p.s. If you get an out-of-synch double-audio effect at the link above, click the pause button on one of the two audio feeds.  The two feeds start automatically and are sometimes out of synch.

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Dec 27 2013

Pittsburgh Eaglecam!

Thanks to Bill Powers of Pix Controller and the PA Game Commission the first bald eagle nestcam in Pennsylvania is right here in Pittsburgh!

Installed one week ago, it’s already capturing the activities of the Hays bald eagle pair at their nest above the Monongahela River.

As you can see, installing the camera involved some scary tree climbing by Derek Spitler of the PA Game Commission.  (The nest is in the center of the photo.)  Click on the TribLive screenshot below to read Mary Ann Thomas’ report and see close-ups and video of the installation.
Screenshot of the eaglecam from TribLive video

Pittsburgh’s eaglecam has already captured the pair at their nest.  The video at top was taken on Christmas Day and there are videos of the pair together on December 23 and one eagle in snow on December 26 (yesterday!).

Though the site is within the city limits it is quite remote.  There is no electricity and no Internet connection so the camera must run on solar power and transmit using the cell network.  Right now Bill Powers is working out the kinks — too little battery power to run all night and thin data bandwidth from Sprint — but he has to fix all of it within the next two weeks before his access to the site is cut off.

Bald eagles abandon nest sites with too much human disturbance so the PA Game Commission has allowed PixController to visit the camera only until January 15.  All other access is off limits.  Don’t even dream of going there yourself!  The area is posted and you’ll be fined $1,000 to $10,000.

Trib Total Media will stream the live feed on its website beginning in February.  Meanwhile you can see new video clips and watch the eagles online at PixController’s eaglecam site. If the camera is not streaming, rest assured that Bill is working on it.

 

(Pittsburgh bald eagle nestcam video by PixController. Screenshot of camera installation from TribLive.)

p.s. While you wait for activity in Pittsburgh, watch eagle chicks on camera in Ft. Myers, Florida!  The first eaglet hatched on Christmas Eve, the second on Christmas Day. Watch them on the Southwest Florida Eaglecam.

8 responses so far

Dec 25 2013

Merry Christmas

Snow on Pyracantha (photo by Bob Muller, Creative Commons license via Flickr)

The colors of a Merry Christmas…

Pyracantha after a rare snowfall in Nags Head, North Carolina, February 2006 by Bob Muller.

 

(photo by Bob Muller (bobxnc), Creative Commons license via Flickr)

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Dec 24 2013

Norwegian Gifts

Published by under Books & Events,Trees

Norway spruces (photo from Wikimedia Commons)

When you see a tall evergreen with drooping branches in eastern North America, chances are it’s a Norway spruce.

Native to Europe, Picea abies is cultivated widely for landscaping and is now naturalized from Connecticut to Michigan.  Elsewhere the trees must be planted but they do quite well, tolerating more heat and humidity than other conifers.

Norway spruces are easy to identify because their drooping branches resemble the fringed sleeves on a cowboy jacket and their cones are long and thin with papery scales.

Norway spruce cones (photo by Randi Hausken, Creative Commons license on Flickr)

In Germany this species became the first Christmas tree.  In fact, it’s the tree that adorns New York’s Rockefeller Center, London’s Trafalgar Square, Edinburgh’s town square and Washington DC’s Union Square right now.

Every year since 1947 the City of Oslo has given a Norway spruce as a Christmas tree to those four cities in gratitude for U.S. and U.K. help during World War II.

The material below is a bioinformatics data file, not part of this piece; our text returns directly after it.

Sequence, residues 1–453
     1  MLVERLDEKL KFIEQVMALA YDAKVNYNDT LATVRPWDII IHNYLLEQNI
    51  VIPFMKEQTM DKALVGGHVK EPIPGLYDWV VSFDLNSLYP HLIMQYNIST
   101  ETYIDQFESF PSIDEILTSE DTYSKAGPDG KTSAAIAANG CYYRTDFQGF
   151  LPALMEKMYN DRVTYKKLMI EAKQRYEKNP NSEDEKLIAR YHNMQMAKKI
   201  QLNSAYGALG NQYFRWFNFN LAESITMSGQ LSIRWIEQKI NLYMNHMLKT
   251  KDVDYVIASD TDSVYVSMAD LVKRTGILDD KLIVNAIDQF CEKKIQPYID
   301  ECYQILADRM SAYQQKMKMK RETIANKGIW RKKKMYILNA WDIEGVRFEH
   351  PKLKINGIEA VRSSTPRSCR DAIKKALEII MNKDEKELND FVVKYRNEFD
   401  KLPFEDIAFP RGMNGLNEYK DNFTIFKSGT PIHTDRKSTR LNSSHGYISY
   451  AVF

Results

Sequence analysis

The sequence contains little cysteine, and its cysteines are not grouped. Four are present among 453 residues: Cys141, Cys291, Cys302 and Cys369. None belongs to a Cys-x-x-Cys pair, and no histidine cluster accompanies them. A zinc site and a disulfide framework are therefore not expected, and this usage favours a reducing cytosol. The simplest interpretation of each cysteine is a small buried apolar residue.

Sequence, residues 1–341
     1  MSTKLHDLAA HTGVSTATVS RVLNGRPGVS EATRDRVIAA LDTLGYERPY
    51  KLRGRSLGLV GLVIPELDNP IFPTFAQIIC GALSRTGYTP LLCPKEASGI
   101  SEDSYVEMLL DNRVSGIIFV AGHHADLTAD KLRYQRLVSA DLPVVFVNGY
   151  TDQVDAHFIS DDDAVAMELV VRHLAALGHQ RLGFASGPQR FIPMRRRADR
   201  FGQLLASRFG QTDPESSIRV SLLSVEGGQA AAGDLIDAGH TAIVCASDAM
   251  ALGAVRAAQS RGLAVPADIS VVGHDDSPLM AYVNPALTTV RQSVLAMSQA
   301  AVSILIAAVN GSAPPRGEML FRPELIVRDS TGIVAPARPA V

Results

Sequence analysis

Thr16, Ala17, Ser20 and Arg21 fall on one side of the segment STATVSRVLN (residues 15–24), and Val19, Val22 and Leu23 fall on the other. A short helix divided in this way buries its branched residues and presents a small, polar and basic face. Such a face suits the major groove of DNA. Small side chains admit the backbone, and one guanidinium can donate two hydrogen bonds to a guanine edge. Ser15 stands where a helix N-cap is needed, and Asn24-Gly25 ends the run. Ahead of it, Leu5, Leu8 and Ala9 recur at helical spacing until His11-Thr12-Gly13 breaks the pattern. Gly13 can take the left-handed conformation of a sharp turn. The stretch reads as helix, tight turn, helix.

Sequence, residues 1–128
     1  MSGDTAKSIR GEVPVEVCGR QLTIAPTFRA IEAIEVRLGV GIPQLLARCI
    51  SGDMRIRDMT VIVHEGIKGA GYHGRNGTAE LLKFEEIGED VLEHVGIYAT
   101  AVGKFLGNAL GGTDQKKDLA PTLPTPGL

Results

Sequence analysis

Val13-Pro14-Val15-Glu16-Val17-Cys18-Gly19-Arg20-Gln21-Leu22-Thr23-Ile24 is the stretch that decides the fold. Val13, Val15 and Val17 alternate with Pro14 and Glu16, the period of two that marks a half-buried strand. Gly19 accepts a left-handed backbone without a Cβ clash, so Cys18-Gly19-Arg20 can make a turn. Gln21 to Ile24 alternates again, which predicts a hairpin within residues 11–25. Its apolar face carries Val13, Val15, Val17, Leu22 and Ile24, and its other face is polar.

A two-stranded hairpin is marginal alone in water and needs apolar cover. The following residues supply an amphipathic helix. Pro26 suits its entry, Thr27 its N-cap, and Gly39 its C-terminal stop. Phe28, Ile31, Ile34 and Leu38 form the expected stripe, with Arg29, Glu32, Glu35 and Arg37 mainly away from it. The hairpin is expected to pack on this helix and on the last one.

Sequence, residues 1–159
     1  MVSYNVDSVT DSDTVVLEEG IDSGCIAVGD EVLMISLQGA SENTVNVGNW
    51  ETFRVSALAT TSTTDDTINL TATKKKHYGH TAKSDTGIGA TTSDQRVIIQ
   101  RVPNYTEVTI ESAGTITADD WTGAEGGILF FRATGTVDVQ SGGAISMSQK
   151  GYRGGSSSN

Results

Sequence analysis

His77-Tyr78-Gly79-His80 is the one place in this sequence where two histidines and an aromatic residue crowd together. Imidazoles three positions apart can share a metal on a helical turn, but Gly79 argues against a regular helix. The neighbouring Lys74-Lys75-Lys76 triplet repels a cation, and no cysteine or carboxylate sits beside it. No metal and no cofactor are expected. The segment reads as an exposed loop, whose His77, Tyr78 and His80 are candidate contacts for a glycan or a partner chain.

Here’s Rockefeller Center’s tree on the 40th anniversary, Christmas Eve 1987.

Christmas tree,Rockefeller Center, 1987, gift of Oslo, Norway (photo from Wikimedia Commons)

Click on the city names above to read about these beautiful Norwegian gifts.

 

(photos of spruce and Christmas tree from Wikimedia Commons. photo of cones by Randi Hausken, Creative Commons license on Flickr. Click on the images to see their originals)

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Dec 22 2013

Deck The Halls

Published by under Books & Events,Plants

Bromeliad Christmas wreath at Phipps Conservatory (photo by Dianne Machesney)

Though Christmas wreaths are a northern tradition this one at Phipps Conservatory is made of bromeliads from the American tropics.

After the weather turns cold tomorrow you might be wishing you were somewhere warm.  If you’re in Pittsburgh you can warm up at the Winter Flower Show at Phipps Conservatory.  They’re all decked out for the holidays through January 12.

I love to bask in the humid warmth with tropical plants when its cold outside.  I can almost believe I’m on vacation.

 

(bromeliad Christmas wreath at Phipps Conservatory. photo by Dianne Machesney)

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Dec 21 2013

Winter Solstice

Winter sunset over the Susquehanna at the Wrightsville Bridge (photo by John Beatty)

Today at 12:11pm the sun will stand still.

We call this the “winter” solstice but it’s more accurate to call it the southern solstice because the sun is going to stand still over the southern hemisphere.  The word “solstice” describes the event:  sol means sun and stice, from sistere, means to stand still.

You might be jealous of the southern hemisphere right now because they’re in the midst of summer but take heart in this: their spring and summer are shorter than ours.

That’s because the Earth doesn’t move at a constant speed in its elliptical orbit.  It takes the Earth 92.8 days to travel from the point of our vernal equinox to the location of the northern/summer solstice (March to June), 93.6 days from the summer solstice to the autumnal equinox (June to September), 89.8 days from the autumnal equinox to the winter solstice (September to December) and 89.0 days from winter solstice to vernal equinox (December to March).  Thus the seasons aren’t equal in length.

This means that in the northern hemisphere spring and summer together are 7.6 days longer than those seasons in the southern hemisphere.  We have a week’s more warmth than they do.

If this is confusing, check out the earth map and explanation at this link at timeanddate.com whose information I paraphrased above.

 

(photo of the sun setting over the Susquehanna at Wrightsville, PA by John Beatty)

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Dec 16 2013

Everybody Loves Beethoven

Beakie the starling talks on the phone (screenshot from YouTube video)

Today is Beethoven’s 243rd birthday and we’re celebrating on Classical WQED-FM with (nearly) All Beethoven, All Day.

Beethoven’s music is so popular that birds learn to sing it.  Click on the photo above to watch a pet starling whistle his favorite Beethoven symphony over the phone.

Can you identify the symphony?

(screenshot from YouTube video)

5 responses so far